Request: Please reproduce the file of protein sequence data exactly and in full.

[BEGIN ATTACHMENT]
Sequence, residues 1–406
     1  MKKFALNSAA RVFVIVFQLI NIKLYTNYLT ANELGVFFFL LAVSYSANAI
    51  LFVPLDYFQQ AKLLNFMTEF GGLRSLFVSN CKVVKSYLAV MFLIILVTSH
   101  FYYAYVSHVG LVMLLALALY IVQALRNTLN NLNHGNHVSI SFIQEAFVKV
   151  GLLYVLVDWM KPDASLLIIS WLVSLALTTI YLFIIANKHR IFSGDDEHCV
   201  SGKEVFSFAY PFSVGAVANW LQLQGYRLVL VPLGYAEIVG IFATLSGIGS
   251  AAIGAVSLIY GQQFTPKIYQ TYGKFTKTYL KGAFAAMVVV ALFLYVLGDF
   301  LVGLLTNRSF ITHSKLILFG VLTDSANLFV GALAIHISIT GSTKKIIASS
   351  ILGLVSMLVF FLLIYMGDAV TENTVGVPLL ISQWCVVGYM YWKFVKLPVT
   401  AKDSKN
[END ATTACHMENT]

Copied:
Sequence, residues 1–406
     1  MKKFALNSAA RVFVIVFQLI NIKLYTNYLT ANELGVFFFL LAVSYSANAI
    51  LFVPLDYFQQ AKLLNFMTEF GGLRSLFVSN CKVVKSYLAV MFLIILVTSH
   101  FYYAYVSHVG LVMLLALALY IVQALRNTLN NLNHGNHVSI SFIQEAFVKV
   151  GLLYVLVDWM KPDASLLIIS WLVSLALTTI YLFIIANKHR IFSGDDEHCV
   201  SGKEVFSFAY PFSVGAVANW LQLQGYRLVL VPLGYAEIVG IFATLSGIGS
   251  AAIGAVSLIY GQQFTPKIYQ TYGKFTKTYL KGAFAAMVVV ALFLYVLGDF
   301  LVGLLTNRSF ITHSKLILFG VLTDSANLFV GALAIHISIT GSTKKIIASS
   351  ILGLVSMLVF FLLIYMGDAV TENTVGVPLL ISQWCVVGYM YWKFVKLPVT
   401  AKDSKN